The first time I was asked to photograph a funeral, I was confused. Why would someone want to photograph something like that? I just didn’t understand. I said no, and brushed it off.
A few years later I attended a funeral of a client, and I instinctively went to my bag to grab my camera… and it wasn’t there. I didn’t bring it. As we all walked out of the church, guests grabbed a balloon the family prepared for a balloon release. I ran to my car and rummaged through my camera bag to get a camera and lens. I only had a small backup camera, but it would have to do. I snapped a few photos of those white balloons in the air. I was so relieved I had a camera with me.
The family has that image framed and printed in their home now- a way to remember all those who came to say goodbye and celebrate their loved one. Each balloon in that photograph represents someone who cared about that person, and came to celebrate their life.
Months after that funeral, I couldn’t shake the thought of how important funerals are and that they deserve to be documented. Funerals honor and chronicle the life of someone that was loved. Funerals celebrate life. Family comes together. Friends reminisce. Many times there are tears, but there are also smiles and laughter. And funny stories. And love. So much love.
And so I decided next time I was asked to photograph a funeral, I would. The first time I was hired to photograph a funeral I was incredibly nervous, I wondered if people would feel like it was disrespectful or weird. Much to my relief, guests began coming up to me asking to have their photo taken with other guests. I documented hugs, tears, and peaceful moments. I felt honored to document the celebration of the life of someone’s loved one. One the one year anniversary of the death of her brother, the sister emailed me to let me know that the album of that funeral is a prized possession in their family. That is a humbling thing to hear.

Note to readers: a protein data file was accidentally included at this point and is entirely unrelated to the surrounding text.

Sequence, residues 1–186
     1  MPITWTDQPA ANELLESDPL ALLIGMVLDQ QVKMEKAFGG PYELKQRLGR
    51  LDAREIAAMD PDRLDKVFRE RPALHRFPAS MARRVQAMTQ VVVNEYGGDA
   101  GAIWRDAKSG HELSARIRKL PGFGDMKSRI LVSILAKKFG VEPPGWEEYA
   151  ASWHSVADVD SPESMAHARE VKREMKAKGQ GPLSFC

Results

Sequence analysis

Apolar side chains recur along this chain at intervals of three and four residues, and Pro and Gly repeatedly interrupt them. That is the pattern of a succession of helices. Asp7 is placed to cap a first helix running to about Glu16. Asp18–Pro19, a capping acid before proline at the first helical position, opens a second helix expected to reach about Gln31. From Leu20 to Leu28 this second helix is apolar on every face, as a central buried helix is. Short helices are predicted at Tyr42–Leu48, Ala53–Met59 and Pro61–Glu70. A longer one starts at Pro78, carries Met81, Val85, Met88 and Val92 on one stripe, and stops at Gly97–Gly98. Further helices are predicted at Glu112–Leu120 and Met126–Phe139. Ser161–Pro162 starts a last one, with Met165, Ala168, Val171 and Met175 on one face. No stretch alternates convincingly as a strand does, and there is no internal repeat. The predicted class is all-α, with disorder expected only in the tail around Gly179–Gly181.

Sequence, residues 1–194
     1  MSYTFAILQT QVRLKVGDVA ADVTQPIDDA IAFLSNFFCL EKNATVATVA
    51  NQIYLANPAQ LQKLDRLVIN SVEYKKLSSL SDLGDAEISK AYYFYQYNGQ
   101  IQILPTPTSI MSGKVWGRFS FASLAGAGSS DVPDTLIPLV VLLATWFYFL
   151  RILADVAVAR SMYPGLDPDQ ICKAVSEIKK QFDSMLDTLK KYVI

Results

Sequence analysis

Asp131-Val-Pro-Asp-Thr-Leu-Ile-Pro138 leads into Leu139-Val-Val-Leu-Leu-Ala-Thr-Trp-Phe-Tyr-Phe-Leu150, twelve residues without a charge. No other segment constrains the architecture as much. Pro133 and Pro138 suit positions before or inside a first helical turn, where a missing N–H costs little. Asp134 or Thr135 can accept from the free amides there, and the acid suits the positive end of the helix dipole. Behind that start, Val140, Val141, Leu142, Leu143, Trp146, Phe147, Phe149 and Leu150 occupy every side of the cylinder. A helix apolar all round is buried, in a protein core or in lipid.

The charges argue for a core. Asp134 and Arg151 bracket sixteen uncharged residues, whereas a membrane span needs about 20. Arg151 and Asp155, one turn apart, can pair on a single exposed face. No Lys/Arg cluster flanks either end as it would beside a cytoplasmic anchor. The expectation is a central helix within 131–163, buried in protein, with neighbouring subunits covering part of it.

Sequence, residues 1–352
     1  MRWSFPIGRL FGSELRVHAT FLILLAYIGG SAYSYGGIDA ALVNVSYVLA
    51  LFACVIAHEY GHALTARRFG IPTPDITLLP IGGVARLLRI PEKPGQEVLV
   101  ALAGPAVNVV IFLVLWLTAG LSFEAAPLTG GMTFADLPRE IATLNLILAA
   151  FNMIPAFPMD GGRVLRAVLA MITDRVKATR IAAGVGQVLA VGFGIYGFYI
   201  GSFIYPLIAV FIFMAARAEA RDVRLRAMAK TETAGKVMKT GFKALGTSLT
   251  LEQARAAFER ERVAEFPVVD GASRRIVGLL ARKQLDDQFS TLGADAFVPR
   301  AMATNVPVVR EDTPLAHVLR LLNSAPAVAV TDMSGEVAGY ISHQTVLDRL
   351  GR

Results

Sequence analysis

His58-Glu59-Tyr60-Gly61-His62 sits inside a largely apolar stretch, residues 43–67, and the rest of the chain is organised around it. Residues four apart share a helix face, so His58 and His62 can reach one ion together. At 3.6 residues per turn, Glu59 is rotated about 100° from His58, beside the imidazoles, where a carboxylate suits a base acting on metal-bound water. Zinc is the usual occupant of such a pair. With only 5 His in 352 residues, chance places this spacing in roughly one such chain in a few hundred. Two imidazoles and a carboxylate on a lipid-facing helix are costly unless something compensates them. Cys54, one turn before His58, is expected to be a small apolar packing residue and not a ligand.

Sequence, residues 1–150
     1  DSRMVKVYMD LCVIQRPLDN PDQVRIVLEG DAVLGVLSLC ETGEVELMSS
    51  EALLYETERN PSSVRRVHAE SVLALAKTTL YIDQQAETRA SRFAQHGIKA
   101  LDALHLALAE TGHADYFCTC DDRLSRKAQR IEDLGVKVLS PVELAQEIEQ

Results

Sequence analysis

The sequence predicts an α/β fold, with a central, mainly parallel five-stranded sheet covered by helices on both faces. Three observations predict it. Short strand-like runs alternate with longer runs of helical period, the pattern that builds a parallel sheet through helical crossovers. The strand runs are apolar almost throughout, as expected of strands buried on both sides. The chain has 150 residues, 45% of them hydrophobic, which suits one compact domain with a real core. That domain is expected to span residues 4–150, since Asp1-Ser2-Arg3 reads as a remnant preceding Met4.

Since that first funeral, I have documented several more. The key to photographing an event such as a funeral is to be sensitive and respectful of those in attendance. I take a lot less photos at a funeral than I do at other types of events. I am constantly scanning the room and area to make sure I am aware of every detail, to make sure everyone is comfortable and feels respected. I am as quiet as possible. I stay in the back of the room. I only photograph people who have made it clear to me that it’s OK. Many times the family who has hired me will let guests know I am going to be there. This also lets guests know I am here with them to celebrate the life of someone they loved. Many times (every time, actually) I shed a few tears, too. When you hear people speak so beautifully of their memories with heir loved one, it is hard not to be moved. I always leave knowing that my job was important.
People mourn in different ways, but almost all my clients have told me that the funeral and the days before (and after) are a whirlwind. Planning, out of town guests, casseroles, cards…. it can be overwhelming. Having the imagery from the funeral or service is a way for them to go back and see who was in attendance when they feel ready. To see all the love that was in the room. To remember the beautiful flowers. It is also a way to have photos with friends and family members who do not get to see one another very often. Clients have told me that photos taken at the funeral or memorial service are healing.
Funeral photography is not for every family or situation, but I believe for many, it can be a beautiful way of remembering and honoring a moment in time. Of all the types of work I engage
in as a full time professional photographer, there is no greater honor than to serve a family in their time of need or grieving.